Several Mass. Beaches Close Due to High Bacteria Levels

People are being asked to not swim in the closed beaches or let pets in the water until it's deemed safe.

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Friday was another good beach day before storms moved into Massachusetts, but not for everyone.

Pico Beach and Donovan's Beach in Winthrop were closed after tests found high levels of a harmful bacteria that's an indicator of fecal pollution.

While some beachgoers weren't aware or weren't deterred by the warnings, others who live nearby say better safe than sorry.

Several beaches in Massachusetts are closed because of high levels of bacteria.

"I think it's kind of a force of nature, so it is what it is," said Tony Santilli of Winthrop. "I always know that it's going to close at some time, especially with a lot of heat, a lot of rain, it will close, every year it's been closing."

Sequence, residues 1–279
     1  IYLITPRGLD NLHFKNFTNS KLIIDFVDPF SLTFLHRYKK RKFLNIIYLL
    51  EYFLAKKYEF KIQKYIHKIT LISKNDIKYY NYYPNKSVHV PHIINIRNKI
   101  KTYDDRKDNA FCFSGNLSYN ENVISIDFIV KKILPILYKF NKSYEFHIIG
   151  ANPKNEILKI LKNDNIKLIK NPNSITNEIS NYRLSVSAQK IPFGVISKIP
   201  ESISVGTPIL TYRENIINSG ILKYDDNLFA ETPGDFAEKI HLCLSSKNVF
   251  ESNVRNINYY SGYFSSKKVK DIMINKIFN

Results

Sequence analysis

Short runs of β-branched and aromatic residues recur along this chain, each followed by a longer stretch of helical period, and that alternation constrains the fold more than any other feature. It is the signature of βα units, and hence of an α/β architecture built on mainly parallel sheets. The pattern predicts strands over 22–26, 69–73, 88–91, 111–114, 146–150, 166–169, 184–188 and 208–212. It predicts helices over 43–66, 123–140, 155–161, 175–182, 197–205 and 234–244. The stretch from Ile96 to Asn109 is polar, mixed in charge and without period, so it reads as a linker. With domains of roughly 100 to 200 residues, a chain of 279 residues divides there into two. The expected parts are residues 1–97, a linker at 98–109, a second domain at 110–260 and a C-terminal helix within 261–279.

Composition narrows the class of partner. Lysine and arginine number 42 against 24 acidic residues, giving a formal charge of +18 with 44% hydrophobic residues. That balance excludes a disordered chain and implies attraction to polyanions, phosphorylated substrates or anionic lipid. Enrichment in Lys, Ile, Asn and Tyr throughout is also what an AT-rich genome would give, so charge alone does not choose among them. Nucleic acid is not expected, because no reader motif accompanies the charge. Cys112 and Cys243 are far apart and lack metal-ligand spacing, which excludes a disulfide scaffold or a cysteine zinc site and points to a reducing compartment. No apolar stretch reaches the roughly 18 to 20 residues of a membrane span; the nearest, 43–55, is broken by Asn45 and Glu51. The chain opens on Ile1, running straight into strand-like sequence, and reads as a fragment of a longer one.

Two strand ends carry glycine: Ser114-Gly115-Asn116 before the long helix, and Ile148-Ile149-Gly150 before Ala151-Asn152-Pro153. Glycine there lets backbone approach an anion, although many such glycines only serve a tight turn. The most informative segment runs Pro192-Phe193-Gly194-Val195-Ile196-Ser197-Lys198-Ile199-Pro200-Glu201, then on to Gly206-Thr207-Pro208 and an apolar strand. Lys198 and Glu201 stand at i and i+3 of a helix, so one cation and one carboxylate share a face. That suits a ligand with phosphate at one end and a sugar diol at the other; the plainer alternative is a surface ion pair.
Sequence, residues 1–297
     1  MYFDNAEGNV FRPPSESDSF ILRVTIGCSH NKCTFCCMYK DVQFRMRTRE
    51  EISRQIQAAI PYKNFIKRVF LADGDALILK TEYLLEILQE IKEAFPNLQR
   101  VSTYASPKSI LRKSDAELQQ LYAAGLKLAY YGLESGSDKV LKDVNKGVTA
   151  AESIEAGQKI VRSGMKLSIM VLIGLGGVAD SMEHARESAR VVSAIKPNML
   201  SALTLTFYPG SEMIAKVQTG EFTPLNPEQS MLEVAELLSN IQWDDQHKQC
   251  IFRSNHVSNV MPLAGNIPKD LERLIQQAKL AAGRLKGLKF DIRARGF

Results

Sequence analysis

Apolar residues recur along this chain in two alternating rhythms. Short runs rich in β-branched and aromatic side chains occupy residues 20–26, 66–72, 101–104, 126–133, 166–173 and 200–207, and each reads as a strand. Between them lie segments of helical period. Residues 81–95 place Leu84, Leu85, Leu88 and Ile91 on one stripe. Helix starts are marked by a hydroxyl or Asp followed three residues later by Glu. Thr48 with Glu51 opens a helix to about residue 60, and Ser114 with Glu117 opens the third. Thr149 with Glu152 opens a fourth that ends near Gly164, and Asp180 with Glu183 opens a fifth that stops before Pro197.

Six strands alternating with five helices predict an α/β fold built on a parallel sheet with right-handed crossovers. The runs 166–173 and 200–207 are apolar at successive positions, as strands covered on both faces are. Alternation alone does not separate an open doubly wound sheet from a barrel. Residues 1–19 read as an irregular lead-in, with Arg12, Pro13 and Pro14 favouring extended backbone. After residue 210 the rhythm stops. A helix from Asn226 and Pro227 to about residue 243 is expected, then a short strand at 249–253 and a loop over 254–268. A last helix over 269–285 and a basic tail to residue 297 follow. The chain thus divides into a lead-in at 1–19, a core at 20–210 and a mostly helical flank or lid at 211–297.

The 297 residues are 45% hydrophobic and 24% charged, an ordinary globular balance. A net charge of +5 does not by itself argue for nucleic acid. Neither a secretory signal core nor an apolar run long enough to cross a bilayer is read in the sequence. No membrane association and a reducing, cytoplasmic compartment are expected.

The town conducts weekly water quality tests at its five beaches for levels of enterococci. When the level exceeds 104 MPN (most probable number)/100 mL, the town closes the beach.

It will be another good beach day, but not for everyone. Two beaches are closed Friday in Winthrop over concerns of high levels of harmful bacteria.

High levels of the bacteria are often caused by heavy rainfall and usually return to normal levels after a retest, town officials said. Town officials are asking people not to swim in the closed beaches or let pets in the water until it's deemed safe.

Enterococci can cause infections and people can become resistant to the antibiotics used to treat those infections, as reported by the U.S. Centers for Disease Control and Prevention.

Meanwhile, lakes and ponds were closed to swimmers in multiple other Massachusetts communities.

Public health and state recreation officials agree the heavy rainfall we've had over recent weeks, followed by warmer weather, is likely to blame for high bacteria levels at beaches along Lake Cochituate in Framingham, Natick and Wayland, and at Lake Massapoag in Sharon.

The algae blooms are toxic for people and can be deadly for pets. Health officials strongly advise against swimming or swallowing the water, they urge you to keep animals away, and rinse off after any contact with the water.

"It is very tough on a day like today," Meg Shields said in Framingham about her grandson, who loves to swim.

Still, Shields is happy precautions are being taken.

"I think it's a great idea to close it and to monitor it closely," she said.

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